George Loffhagen relishing Wimbledon debut after rediscovering love for tennis

George Loffhagen relishing Wimbledon debut after rediscovering love for tennis

George Loffhagen was left pinching himself after going from pulling pints in a pub to preparing to take on highly-fancied Holger Rune on his Wimbledon debut.

The 22-year-old Londoner was a highly-rated junior but struggled with the difficult transition to senior tennis and hung up his racket in the summer of 2021.

Academically as well as athletically gifted, Loffhagen returned to his studies and, to earn some cash, worked at the Marlborough Head in Marble Arch behind the bar and collecting glasses.

“It was a bit of both because I hadn’t worked in a pub before,” he said. “I needed to learn on the job. It wasn’t too bad. There were a few (troublemakers) but it wasn’t too rowdy, it was OK.”

A more different environment to Wimbledon would be difficult to find, and the idea that he might be playing at the All England Club less than two years later would have appeared fanciful.

But Loffhagen began to feel the pull of the yellow ball again and he returned to the tour last August.

“I struggled with expectations and stuff and I think the time out allowed me to mature a bit,” he said. “I feel like I’m able to put things into perspective a bit better and that allows me to enjoy my time on court a bit more.

George Loffhagen playing at Wimbledon as a junior
George Loffhagen playing at Wimbledon as a junior (Steven Paston/PA)

“I feel like I always loved playing tennis but outside factors prevented me from just enjoying my tennis as much. I’m just happy to be playing and that’s the main thing at the moment. I wanted to play again and not have any regrets.”

The break certainly appears to have done Loffhagen good. In less than a year he has gone from having no ranking to a place in the world’s top 400, winning two titles and doing enough to earn a wild card from the All England Club.

The draw threw up an exciting clash with sixth seed Rune, and Loffhagen added: “I’m just really happy to be in the position where I’m able to play a match at Wimbledon because I definitely didn’t think that was something that was going to happen. I just want to enjoy the experience and hopefully play well.”

Loffhagen is one of three home debutants in the main singles draws this year alongside 20-year-old Arthur Fery and German-turned-Brit Jan Choinski.

Fery, who has two French parents but grew up in Wimbledon, will also get the chance to take on one of the title favourites having been paired with third seed Daniil Medvedev in the draw.

He said of his reaction: “It was excitement mostly. Any draw I would have taken and I would have been happy with but playing one of the top seeds is always exciting. Hopefully I can rise to the challenge.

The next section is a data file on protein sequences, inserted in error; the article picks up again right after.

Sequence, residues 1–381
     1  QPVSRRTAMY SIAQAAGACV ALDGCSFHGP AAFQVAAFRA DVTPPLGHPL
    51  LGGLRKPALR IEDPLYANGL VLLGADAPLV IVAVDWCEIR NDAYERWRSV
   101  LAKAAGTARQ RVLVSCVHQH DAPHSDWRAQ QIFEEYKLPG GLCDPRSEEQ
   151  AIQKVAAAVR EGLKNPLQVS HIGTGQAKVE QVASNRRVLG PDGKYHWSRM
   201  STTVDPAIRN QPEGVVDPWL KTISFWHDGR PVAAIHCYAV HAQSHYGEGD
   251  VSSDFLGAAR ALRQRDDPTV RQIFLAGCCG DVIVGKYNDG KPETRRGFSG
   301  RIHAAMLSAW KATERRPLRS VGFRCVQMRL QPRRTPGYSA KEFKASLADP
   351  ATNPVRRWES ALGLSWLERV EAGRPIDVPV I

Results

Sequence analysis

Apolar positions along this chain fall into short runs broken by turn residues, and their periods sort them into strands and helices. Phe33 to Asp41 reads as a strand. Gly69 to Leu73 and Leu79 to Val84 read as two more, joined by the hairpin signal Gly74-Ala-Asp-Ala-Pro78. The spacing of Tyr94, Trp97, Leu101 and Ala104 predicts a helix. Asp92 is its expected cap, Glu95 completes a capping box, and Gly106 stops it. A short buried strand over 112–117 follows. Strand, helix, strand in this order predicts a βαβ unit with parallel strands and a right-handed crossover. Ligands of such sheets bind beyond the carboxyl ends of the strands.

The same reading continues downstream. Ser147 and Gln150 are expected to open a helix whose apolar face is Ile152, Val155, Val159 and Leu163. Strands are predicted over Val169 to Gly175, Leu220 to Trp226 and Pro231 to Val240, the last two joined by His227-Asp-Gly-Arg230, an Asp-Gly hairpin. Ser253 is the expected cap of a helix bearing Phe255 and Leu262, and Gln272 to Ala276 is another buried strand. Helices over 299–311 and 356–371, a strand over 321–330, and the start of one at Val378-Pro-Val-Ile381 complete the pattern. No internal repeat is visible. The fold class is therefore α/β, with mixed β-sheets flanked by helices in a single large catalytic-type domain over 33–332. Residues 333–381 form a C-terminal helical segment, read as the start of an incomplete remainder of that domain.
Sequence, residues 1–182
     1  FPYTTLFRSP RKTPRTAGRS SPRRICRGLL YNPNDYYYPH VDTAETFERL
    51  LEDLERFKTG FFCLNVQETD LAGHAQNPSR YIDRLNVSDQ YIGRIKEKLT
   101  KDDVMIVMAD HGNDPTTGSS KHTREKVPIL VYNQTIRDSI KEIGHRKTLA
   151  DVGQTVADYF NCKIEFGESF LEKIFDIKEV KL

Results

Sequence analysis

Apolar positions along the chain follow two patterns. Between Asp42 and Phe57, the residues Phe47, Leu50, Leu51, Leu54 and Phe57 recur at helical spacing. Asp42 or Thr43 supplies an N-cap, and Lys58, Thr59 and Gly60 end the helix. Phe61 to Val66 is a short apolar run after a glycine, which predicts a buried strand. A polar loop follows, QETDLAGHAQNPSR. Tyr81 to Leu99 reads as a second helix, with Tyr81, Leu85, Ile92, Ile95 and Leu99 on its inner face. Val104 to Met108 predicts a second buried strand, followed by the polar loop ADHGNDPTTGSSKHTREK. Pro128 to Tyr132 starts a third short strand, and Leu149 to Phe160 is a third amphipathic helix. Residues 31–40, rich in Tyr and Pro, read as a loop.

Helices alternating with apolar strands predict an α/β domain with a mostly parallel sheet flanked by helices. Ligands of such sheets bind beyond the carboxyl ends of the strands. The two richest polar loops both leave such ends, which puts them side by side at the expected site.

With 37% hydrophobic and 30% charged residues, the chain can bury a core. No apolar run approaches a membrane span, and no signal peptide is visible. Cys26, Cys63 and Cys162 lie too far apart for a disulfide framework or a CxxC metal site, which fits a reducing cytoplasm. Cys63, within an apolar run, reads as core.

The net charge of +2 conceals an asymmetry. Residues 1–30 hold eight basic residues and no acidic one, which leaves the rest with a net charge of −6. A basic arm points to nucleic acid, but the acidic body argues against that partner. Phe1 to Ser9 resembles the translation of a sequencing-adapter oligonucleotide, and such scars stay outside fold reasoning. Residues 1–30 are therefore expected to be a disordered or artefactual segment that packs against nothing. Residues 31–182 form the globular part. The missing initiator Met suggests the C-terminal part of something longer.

“Playing the top seeds it’s always best to play them in the first few rounds when they haven’t played on the grass. Daniil didn’t play here last year so I’m confident, I back myself.

“It’s a great position, I love being the underdog. I’m going to go out, swing freely and play loose. I’ve got nothing to lose.”

Arthur Fery plays at Nottingham
Arthur Fery has impressed in college tennis after earning a scholarship to Stanford University  (Tim Goode/PA)

Fery also opted not to throw himself into professional tennis life after finishing juniors but took a different path to Loffhagen, heading off on a scholarship to Stanford University.

He has excelled in the college tennis system, which is becoming an ever more popular route to the pro game, and has played enough tournaments to also earn a ranking in the top 400.

Fery, who remembers watching Medvedev win the US Open in 2021 on the Tube on his way back from the Wireless music festival, hopes his college experiences will stand him in good stead on Tuesday.

“The big matches are fun,” he said. “Crowds come out and the whole team feels like it’s important. It’s definitely not a Wimbledon crowd, it’s pretty rowdy and people aren’t always too nice to you but it’s good, it builds character and being able to deal with all that stuff is beneficial for the future.”

Fery, whose father Loic is the owner of both a hedge fund and French top division football team Lorient, will decide in January whether to complete his final year at Stanford or commit fully to tennis.

Choinski will be an unfamiliar name to most British fans but, having pushed his ranking up to 167, the tall 27-year-old has been awarded a wild card for the first time.

He represented his native Germany until 2018 when he opted to switch to Britain courtesy of his British mother Dominque.

Jan Choinski at Eastbourne
Jan Choinski has represented Britain since 2018 (John Walton/PA)

A professional ballet dancer, she grew up in Southampton before studying at the Royal Ballet School and then moving to Germany, where she met Polish dancer Andrzej Choinski.

The couple own a ballet school but, for their son, dancing was a passion only as preparation for tennis.

Choinski is grateful for the support he has received from British tennis, and said: “I really enjoy being here and I really have enjoyed playing the whole grass-court season. It’s a totally new experience because I haven’t played a lot on grass. I couldn’t be more thankful for the opportunities I got.”